Saying “Hello World!” in Your Language using C#

Microsoft and Visual Studio make it relatively easy to create Multi-language Web pages.  The first step is to create a Web page in Visual Studio.  The only catch is that for ASP.NET to handle your language translations you have to use Web Server controls and all of your text has to be through the properties of those controls.  I.e. be prepared to use a lot of label controls.  The following is a view of the source code of a simple page that we want to be multi-lingual.

<%@ Page Language="C#" AutoEventWireup="true" CodeFile="Greeting.aspx.cs" Inherits="Greeting" %>
<!DOCTYPE html PUBLIC "-//W3C//DTD XHTML 1.0 Transitional//EN" "http://www.w3.org/TR/xhtml1/DTD/xhtml1-transitional.dtd">
<html xmlns="http://www.w3.org/1999/xhtml">
<head runat="server">
    <title></title>
</head>
<body>
    <form id="form1" runat="server">
    <div>
        <h1>
            <asp:Label ID="lblTitle" runat="server" Text="Hello World!" /></h1>
        <p>
            <asp:Label ID="lblPara1" runat="server" Text="HelloWorld!" /></p>
    </div>
    </form>
</body>
</html>

Notice the use of label controls instead of straight text inside the header 1 and paragraph elements.

The next step is to get Visual Studio to generate a local resource file.  This step has to be done in design view, the menu option is not available in source view.  From the Visual Studio menu select Tools-Generate Local Resource.  The result should be a new file created with the same name as the original file except with a .resx extension.  In this example it would be Greeting.aspx.resx.  This file is automatically placed into a folder named “App_LocalResources”.  The contents of the resx file for this simple web page is:

Default language resource file

Inside the original aspx page Visual Studio has made the following changes:

<%@ Page Language="C#" AutoEventWireup="true" CodeFile="Greeting.aspx.cs" Inherits="Greeting"
    Culture="auto" meta:resourcekey="PageResource1" UICulture="auto" %>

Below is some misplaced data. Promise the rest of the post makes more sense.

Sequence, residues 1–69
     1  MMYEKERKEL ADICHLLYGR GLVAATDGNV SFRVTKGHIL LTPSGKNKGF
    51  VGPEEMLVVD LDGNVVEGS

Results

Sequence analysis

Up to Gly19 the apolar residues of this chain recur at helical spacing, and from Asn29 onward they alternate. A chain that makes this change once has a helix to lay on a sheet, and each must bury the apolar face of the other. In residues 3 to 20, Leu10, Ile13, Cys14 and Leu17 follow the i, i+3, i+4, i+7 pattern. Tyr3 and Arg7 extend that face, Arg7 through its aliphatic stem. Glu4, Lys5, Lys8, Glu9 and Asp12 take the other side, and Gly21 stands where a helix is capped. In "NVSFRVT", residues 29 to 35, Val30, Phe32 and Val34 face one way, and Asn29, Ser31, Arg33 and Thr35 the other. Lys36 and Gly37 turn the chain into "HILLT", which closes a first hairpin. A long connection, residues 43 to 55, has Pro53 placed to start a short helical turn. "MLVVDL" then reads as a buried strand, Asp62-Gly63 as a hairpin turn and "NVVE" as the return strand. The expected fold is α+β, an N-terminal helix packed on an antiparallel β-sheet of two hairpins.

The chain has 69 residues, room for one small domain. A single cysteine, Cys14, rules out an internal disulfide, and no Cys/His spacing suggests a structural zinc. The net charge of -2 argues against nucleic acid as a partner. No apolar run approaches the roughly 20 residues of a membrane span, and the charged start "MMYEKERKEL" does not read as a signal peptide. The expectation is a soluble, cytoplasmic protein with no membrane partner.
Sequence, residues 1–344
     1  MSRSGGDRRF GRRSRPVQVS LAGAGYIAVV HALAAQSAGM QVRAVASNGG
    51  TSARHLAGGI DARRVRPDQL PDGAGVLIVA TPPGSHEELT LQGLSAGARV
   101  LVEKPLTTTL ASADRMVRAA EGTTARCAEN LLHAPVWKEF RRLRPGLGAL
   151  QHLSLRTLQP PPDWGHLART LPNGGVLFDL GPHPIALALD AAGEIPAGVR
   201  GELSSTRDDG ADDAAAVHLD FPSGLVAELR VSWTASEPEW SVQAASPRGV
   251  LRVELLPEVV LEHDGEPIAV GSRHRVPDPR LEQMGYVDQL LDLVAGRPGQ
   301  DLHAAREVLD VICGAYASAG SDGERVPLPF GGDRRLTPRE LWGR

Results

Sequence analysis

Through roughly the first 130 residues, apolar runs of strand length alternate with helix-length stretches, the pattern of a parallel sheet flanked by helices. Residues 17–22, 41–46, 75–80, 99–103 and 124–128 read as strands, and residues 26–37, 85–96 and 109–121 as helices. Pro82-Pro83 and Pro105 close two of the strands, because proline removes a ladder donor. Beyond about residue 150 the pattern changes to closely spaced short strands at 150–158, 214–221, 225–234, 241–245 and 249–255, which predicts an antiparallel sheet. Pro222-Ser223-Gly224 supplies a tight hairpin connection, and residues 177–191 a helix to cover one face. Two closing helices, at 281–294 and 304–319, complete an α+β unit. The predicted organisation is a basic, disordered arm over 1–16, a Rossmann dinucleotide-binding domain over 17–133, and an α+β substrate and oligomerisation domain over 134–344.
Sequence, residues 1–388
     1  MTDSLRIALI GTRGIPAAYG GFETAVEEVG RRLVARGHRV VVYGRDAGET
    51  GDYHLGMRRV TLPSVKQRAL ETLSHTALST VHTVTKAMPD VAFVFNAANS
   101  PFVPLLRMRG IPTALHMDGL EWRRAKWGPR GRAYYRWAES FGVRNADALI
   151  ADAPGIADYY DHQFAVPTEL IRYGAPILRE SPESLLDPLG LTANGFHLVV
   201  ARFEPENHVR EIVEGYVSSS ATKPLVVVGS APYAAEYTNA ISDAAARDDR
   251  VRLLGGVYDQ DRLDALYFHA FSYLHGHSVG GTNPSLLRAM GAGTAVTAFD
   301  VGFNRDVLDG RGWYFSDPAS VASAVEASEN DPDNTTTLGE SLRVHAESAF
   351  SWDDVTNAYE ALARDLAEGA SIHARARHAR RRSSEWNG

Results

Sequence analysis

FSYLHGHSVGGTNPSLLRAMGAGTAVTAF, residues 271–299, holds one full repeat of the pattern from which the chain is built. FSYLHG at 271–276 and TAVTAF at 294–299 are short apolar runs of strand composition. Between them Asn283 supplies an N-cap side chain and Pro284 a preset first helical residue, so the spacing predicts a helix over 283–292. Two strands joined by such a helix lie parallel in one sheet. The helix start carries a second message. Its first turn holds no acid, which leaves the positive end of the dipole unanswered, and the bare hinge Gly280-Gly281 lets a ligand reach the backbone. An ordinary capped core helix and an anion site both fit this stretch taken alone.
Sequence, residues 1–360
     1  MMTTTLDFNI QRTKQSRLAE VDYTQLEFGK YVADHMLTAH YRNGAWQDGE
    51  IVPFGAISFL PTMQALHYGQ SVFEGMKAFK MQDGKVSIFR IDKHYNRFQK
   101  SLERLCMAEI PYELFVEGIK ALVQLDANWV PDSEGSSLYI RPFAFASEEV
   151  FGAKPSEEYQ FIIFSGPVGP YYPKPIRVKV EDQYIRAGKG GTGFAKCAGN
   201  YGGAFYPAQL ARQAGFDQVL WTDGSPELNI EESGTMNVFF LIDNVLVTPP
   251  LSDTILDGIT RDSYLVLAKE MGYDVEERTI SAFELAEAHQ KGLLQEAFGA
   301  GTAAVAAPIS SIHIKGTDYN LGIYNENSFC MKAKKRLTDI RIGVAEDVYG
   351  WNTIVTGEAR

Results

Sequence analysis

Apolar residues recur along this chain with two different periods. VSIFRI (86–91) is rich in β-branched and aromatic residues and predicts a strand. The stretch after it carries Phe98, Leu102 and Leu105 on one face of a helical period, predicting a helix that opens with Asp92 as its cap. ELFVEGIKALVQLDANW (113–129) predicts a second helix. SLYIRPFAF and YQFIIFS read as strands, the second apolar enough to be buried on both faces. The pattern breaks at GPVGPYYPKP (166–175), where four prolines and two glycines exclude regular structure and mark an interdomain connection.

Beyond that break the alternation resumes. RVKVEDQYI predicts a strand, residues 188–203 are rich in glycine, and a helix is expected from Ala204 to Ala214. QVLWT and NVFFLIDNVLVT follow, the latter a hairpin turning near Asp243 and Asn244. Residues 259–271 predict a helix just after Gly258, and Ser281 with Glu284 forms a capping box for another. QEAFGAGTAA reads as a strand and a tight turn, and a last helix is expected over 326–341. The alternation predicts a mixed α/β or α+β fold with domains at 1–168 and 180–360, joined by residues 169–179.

<!DOCTYPE html PUBLIC "-//W3C//DTD XHTML 1.0 Transitional//EN" "http://www.w3.org/TR/xhtml1/DTD/xhtml1-transitional.dtd">
<html xmlns="http://www.w3.org/1999/xhtml">
<head runat="server">
    <title></title>
</head>
<body>
    <form id="form1" runat="server">
    <div>
        <h1>
            <asp:Label ID="lblTitle" runat="server" Text="Greeting Page"
                       meta:resourcekey="lblTitleResource1" /></h1>
        <p>
            <asp:Label ID="lblPara1" runat="server" Text="Hello World!"
                       meta:resourcekey="lblPara1Resource1" /></p>
    </div>
    </form>
</body>
</html>

Note the new attributes added to the @Page directive and the meta:resourcekey attribute added to the Server controls.  These attributes are necessary for ASP.NET to perform the magic of automatically inserting language appropriate text into these controls.

The next step is to copy the rename the resx file to as many language files that you are prepared to translate.  For example,  Greeting.aspx.nl.resx would be the name of the Dutch translated resource file.  The contents would need to be edited to something like this:

Dutch language resource file

Here is another example for Japanese, make sure the resource file is named Greeting.aspx.ja.resx:

Japanese language resource file

Once this is completed ASP.NET will automatically use the proper resource file based on the default language of the browser visiting the page.  That is about all there is to creating a multi-lingual “Hello World” web page.

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